Sadly, my dear friend Ann Haskell died Oct. 22 after a two-year battle with ovarian cancer. Assimilation of such facts of life is difficult without the means to attend the memorial. She was my ex-mother-in-law though I remained a great admirer and missed her terribly-almost as much as her youngest son Peter-after we split up. As a young woman I was in awe of her. Quietly strong, kind, intelligent, beautiful, a scholar, single mother and professor of literature at SUNY-Buffalo when we met, Ann and I thankfully reconnected and started corresponding a few years back, along with middle son Mark and her daughter—my surrogate little sister—Gretl, who reassured me, “Mom knew you were thinking of her.” Mark let all her loved ones know Ann died as she wanted, peacefully, surrounded by her beloved family and felines, no doubt with characteristic grace and dignity. Here is part of her obituary. As I told Gretl, I don’t possess words enough to describe her accomplishments.
Ann S. Haskell Obituary – 1/7/29 – 10/22/10 Ann was born in Washington, DC, in 1929 and grew up in Arlington, VA. While raising three children on her own, she was among the first women to graduate from Clemson University and was awarded a Woodrow Wilson Graduate Fellowship. She received her Doctorate with honors from the University of Pennsylvania in 1964. She went on to teach at the English Department of the State University of New York at Buffalo, specializing in Chaucer and Medieval Life and Literature and in Children’s Literature, for thirty-seven years. She was a mentor and advisor to hundreds of students whose lives and careers she enriched with her generosity and scholarship. Her many academic publications include the books, “Essays on Chaucer’s Saints” and “A Middle English Anthology,” which has been in print since 1969. Ann wrote Op-Ed columns, personal essays, and articles on food and numerous other subjects for publications such as the Smithsonian, the Washington Post, Baltimore Sun and New York Times. She maintained a home in Provence in Southern France for forty years and she and her husband taught a program abroad on the Culture of Provence.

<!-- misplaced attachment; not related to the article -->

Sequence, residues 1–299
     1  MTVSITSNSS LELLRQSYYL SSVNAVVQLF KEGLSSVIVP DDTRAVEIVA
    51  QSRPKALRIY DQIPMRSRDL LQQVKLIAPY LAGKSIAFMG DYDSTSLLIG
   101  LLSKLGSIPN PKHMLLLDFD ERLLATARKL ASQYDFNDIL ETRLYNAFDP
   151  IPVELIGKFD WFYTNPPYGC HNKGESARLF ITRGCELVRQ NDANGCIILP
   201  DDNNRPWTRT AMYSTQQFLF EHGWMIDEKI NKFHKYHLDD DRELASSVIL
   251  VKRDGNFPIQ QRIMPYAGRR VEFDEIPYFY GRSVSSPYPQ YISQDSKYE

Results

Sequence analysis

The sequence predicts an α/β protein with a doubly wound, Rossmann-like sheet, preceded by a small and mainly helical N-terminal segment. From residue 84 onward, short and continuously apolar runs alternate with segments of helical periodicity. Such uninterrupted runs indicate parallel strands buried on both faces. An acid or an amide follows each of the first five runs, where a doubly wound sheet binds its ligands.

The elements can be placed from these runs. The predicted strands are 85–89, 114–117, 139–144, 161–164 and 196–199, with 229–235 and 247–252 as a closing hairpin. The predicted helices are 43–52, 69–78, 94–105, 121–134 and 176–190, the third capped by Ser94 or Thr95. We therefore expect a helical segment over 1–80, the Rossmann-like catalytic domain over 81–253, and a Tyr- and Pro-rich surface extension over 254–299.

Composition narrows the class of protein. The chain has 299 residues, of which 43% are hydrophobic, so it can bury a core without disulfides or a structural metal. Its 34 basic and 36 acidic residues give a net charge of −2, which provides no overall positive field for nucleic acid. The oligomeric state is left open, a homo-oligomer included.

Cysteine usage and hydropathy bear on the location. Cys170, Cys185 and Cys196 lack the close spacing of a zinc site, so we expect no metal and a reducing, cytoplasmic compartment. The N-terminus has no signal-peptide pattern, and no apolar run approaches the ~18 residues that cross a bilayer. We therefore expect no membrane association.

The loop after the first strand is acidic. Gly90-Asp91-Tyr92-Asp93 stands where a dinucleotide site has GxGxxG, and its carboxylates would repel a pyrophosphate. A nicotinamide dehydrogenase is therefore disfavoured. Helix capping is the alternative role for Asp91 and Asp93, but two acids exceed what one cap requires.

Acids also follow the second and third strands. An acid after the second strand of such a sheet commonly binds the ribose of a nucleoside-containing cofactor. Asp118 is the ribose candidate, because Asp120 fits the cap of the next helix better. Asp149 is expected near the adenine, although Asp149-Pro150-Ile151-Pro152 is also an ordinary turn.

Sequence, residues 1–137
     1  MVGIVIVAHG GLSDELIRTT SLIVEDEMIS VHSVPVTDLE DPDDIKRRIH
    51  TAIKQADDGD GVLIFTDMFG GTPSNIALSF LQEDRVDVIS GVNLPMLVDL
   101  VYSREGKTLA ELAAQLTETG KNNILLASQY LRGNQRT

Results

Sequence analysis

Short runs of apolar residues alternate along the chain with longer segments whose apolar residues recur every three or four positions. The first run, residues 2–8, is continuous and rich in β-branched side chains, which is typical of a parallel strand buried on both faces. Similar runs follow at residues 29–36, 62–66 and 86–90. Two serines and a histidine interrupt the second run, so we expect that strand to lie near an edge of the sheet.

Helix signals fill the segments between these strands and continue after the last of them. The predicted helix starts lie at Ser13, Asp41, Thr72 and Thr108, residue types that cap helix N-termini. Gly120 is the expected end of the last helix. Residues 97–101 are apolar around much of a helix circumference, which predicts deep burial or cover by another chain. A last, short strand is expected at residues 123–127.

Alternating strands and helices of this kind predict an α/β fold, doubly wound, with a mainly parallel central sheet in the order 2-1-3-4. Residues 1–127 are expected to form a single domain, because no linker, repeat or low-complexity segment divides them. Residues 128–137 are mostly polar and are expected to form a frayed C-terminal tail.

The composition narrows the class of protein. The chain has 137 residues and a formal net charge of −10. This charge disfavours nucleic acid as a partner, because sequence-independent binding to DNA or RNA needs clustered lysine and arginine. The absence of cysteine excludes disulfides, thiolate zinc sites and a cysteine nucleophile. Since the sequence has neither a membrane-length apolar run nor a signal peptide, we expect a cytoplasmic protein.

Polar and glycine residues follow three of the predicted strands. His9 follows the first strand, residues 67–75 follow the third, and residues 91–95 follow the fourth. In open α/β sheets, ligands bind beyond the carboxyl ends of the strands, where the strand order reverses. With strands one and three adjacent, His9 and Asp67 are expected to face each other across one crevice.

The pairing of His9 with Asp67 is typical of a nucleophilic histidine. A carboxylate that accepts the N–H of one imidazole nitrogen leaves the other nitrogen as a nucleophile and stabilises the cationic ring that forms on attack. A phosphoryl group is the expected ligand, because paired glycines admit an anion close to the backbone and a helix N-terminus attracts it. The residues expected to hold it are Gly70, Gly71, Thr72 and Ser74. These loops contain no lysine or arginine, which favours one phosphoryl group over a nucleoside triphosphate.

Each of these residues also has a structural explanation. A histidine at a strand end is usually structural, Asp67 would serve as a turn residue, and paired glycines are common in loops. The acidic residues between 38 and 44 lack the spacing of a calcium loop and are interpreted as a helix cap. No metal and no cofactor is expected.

*sigh* Sure do hope I get to see Gretl and Mark again soon.
So, back to the grind . . . I’ve been trying to recall a time when I didn’t have a laptop handy 24 hours a day. How did I survive? Still in the throes of Visible Verse festival programming, production and promotion, literary scene pal Rob Taylor kindly blogging about it at Spread It Like a Roll of Nickels. I will be presenting a couple of videopoems–a preview–at Sean Cranbury’s Real Vancouver Writers Series, Nov. 17. I bought a Continue reading